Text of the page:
Remember to claim for medical expenses after your baby is born. If your doctor participates in the Access Gap Cover Scheme, he or she should bill CBHS directly for in-hospital costs. If the bill is sent to you, forward it to us and we will process it for you. If your doctor does not participate in the Access Gap Cover Scheme, you must take the bill to Medicare and claim through Medicare first.

You can find out more about the Access Gap Cover Scheme and participating doctors here. To find out more about Medicare coverage for pregnancy, the birth of your baby, including current Medicare Safety Net thresholds and the Extended Medicare Safety Net, please visit the Medicare Safety Net page.

CBHS-Pregnancy-4

Status of baby

Your new baby will usually be classed as an outpatient after delivery, so any additional tests or medical consultations will not be covered by CBHS and may only be eligible for a Medicare rebate. This is due to rules by the Department of Health, which state that gap medical benefits apply only when the individual is an admitted patient.

However, your baby may be considered an admitted patient if any of following circumstances apply:

  • Your baby is admitted to an approved neo-natal intensive care facility (Special Care Nursery)
  • Your baby is a second or subsequent child born as a twin or in another multiple birth situation
  • Your baby is more than 9 days old and remains in hospital.

Pregnancy FAQ’s

  • When is my baby an admitted patient?

    Under rules set down by the Commonwealth Department of Health and Family Services, the payment of gap medical benefits is restricted to medical services provided whilst an admitted patient of a hospital.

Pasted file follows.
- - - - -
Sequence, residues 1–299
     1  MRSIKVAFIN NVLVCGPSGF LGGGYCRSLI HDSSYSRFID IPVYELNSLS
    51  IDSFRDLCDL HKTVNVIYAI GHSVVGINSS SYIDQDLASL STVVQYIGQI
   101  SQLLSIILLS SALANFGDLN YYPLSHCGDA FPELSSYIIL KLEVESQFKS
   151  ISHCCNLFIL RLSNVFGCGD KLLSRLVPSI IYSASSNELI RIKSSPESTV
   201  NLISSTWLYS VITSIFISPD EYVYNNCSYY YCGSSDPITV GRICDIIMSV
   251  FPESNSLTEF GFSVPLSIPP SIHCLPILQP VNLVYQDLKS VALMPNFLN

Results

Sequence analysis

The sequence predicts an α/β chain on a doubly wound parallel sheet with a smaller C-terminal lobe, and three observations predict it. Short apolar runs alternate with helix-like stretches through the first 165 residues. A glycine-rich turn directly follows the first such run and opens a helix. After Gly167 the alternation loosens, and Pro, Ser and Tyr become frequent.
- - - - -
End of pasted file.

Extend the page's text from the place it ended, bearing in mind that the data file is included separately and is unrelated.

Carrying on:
A new born baby is classified as an admitted patient when one or more of the following criteria apply;

    • The baby is admitted to an approved neo-natal intensive care facility
    • The baby is the second or subsequent born in a multiple birth situation (i.e. Twins, triplets etc)
    • The baby is more than 9 days old while still in hospital

    If none of these criteria are met, your baby is not classified as an admitted patient for gap medical purposes and expenses can only be claimed through Medicare. (It is required that you indicate that your baby was not classified as admitted patient). You will be eligible for 85% of the schedule fee through Medicare. No further benefits are available from CBHS.

  • Does CBHS pay for meals?

    Generally, when mother and baby are in hospital, CBHS do not pay for the partner's meals or accommodation. Although there are benefits available for Boarder Fees (accommodation only) in some hospitals for specific situations, these benefits are subject to the conditions of the contract that is in place with CBHS. Please contact CBHS for further information.

  • What is my daily co-payment?